To carry a certified GI tag, products must be made at their place of historic origin or by using the same time-honored techniques under license.

Murano glass, for example, carries a lineage in glassmaking dating back to medieval times. As glassmakers developed techniques using furnaces, in 1291 the Most Serene Republic of Venice ordered all glass producers working in the old town to move to an island in the lagoon named Murano following several alarming fires. The cosmopolitan canal city that would be a world center for printing, mapmaking and other historic innovations would also become synonymous with glass.

Yet today, even in Venice itself, some 70 percent of the objects on sale made of so-called Murano glass are fake, says Luciano Gambaro, head of an association that promotes the renowned glassware. Worldwide the level of fraud is likely incalculable.

More than monetizing an influencer’s opinion about fine products, the greater focus should be protecting the products themselves, especially if they are heritage items than can’t truly be replaced.

“Europe has an exceptional legacy of world-renowned crafts and industrial products,” says European Commission member Thierry Breton whose portfolio is the internal EU market. “It is time that these producers benefit from a new intellectual property right, like food and wine producers, that will increase trust and visibility for their products, guaranteeing authenticity and reputation.”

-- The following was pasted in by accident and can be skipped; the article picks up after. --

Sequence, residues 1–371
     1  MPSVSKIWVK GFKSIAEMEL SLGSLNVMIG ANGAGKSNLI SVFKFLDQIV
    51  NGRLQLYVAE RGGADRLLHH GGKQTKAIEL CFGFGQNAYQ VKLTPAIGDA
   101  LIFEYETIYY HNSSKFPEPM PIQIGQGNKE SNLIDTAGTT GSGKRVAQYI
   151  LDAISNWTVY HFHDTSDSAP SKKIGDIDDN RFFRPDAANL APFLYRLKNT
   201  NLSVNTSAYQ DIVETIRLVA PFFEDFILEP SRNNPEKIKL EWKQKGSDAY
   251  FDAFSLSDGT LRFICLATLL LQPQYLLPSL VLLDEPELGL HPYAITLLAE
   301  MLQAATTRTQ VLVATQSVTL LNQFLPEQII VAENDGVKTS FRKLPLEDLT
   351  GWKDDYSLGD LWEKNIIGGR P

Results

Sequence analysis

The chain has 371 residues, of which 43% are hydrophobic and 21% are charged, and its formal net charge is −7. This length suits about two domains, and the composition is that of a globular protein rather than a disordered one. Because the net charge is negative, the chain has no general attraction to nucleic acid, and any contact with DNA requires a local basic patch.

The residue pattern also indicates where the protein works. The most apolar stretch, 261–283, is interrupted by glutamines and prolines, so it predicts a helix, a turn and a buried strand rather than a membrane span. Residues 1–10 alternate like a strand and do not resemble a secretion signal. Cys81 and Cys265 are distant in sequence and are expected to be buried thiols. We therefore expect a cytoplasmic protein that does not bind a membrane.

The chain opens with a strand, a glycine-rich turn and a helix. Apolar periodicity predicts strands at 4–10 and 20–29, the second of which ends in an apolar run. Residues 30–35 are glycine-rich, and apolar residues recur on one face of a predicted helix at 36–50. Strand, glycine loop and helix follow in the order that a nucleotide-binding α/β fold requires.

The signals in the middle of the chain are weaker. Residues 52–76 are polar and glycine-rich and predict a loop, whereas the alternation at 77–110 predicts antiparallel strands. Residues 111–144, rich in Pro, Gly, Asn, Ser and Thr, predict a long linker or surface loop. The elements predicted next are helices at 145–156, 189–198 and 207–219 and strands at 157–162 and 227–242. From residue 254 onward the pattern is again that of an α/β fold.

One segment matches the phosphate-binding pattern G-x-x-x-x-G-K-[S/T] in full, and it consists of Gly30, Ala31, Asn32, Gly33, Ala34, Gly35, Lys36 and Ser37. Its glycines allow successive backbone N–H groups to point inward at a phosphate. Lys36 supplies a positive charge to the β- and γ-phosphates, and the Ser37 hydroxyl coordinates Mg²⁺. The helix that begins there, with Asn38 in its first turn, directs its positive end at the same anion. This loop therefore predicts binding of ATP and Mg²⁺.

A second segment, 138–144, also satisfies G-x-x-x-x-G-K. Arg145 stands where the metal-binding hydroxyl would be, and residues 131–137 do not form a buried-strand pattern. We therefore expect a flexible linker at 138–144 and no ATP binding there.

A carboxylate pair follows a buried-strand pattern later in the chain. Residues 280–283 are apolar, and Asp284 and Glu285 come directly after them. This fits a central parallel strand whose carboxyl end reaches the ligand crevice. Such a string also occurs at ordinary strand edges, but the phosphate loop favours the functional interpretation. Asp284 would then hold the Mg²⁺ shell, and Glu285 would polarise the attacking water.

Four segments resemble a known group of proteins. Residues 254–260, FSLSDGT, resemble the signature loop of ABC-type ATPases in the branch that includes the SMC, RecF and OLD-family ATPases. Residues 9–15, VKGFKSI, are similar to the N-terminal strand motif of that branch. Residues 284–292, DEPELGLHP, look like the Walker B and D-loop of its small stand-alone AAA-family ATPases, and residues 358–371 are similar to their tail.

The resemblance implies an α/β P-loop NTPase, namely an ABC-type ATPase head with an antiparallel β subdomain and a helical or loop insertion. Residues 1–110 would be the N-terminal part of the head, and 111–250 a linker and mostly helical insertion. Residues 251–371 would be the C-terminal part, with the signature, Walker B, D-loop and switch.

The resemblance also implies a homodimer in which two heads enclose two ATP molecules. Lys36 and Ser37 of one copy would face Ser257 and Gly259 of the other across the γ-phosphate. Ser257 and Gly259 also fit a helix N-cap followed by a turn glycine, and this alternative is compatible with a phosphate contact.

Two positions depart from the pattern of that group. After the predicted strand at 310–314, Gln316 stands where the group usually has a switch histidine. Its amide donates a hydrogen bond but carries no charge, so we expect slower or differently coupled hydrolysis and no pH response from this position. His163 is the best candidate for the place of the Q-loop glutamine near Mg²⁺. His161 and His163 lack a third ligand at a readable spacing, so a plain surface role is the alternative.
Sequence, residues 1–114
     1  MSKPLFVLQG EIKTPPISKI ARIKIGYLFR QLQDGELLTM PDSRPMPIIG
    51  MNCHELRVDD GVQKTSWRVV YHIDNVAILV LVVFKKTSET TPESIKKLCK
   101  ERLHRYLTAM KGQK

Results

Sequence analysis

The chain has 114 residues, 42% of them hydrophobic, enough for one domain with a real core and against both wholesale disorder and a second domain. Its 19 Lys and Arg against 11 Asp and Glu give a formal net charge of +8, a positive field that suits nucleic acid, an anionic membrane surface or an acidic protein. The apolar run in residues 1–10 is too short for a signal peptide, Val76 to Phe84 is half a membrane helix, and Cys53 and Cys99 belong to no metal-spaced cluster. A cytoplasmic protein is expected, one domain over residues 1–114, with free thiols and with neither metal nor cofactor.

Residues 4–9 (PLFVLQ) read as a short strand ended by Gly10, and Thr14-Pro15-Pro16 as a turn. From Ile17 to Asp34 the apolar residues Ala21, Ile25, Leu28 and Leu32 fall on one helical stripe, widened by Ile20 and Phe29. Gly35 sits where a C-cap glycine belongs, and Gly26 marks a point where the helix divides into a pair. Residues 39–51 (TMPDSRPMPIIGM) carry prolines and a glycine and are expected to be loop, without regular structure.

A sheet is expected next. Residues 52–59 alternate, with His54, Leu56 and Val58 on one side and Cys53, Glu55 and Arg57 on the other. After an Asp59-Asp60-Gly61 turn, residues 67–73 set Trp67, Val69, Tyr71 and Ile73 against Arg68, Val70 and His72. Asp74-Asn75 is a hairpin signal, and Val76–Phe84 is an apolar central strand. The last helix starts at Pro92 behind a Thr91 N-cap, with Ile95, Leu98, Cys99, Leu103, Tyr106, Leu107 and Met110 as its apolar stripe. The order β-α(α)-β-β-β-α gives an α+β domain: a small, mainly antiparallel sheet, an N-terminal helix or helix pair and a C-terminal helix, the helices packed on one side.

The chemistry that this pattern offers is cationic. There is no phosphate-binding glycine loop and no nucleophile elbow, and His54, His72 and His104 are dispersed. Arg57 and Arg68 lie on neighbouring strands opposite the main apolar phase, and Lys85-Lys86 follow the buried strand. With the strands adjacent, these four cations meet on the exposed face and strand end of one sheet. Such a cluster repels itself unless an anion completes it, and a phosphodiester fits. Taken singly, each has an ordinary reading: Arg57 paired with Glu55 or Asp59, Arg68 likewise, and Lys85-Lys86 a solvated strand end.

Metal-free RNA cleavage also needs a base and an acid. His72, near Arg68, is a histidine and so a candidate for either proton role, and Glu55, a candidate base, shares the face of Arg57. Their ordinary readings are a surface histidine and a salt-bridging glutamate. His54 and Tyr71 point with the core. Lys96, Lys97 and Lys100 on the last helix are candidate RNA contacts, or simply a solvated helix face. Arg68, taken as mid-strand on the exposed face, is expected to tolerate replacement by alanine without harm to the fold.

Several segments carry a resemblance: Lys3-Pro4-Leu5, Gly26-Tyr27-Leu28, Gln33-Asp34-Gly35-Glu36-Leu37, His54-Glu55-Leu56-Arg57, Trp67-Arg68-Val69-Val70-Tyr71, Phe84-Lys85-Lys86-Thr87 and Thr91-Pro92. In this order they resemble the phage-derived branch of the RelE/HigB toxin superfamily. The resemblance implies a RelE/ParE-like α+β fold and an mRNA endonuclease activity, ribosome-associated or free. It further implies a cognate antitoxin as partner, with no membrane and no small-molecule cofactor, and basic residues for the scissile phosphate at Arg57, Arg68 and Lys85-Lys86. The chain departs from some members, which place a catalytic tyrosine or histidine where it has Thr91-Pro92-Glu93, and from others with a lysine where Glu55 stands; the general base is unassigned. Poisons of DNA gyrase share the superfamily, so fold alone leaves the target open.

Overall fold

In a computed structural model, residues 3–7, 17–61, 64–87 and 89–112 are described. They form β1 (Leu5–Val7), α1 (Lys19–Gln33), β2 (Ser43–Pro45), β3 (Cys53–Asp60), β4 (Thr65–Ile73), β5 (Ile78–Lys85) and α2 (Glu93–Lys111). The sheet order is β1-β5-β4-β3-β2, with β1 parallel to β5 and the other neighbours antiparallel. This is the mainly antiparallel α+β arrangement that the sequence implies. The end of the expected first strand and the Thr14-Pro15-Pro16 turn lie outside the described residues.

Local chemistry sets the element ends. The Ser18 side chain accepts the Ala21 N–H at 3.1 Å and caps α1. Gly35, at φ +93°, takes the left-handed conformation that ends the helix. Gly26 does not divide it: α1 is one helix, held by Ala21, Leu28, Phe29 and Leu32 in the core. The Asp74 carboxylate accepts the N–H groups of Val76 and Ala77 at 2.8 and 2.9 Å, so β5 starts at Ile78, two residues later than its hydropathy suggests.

Once adopted, the regulation will apply to craft and industrial products such as natural stones, jewelry, textiles, lace, cutlery, glass, and porcelain.

To qualify for GI protection, a product must originate in a specific place, region, or country and have a “quality, reputation or other characteristic that is essentially attributable to its geographical origin”.

Breton said by protecting heritage products, the initiative would also contribute to the creation of skilled jobs, especially at small and medium-sized enterprises (SMEs), as well as aid in further development of tourism in “more rural or economically weak areas”.

The new rules announced last week would enforce EU-wide intellectual property rights on craft and industrial products and facilitate action against fake products, including those sold online. Breton said the move addresses “the currently fragmented and partial protections that exist at national levels”.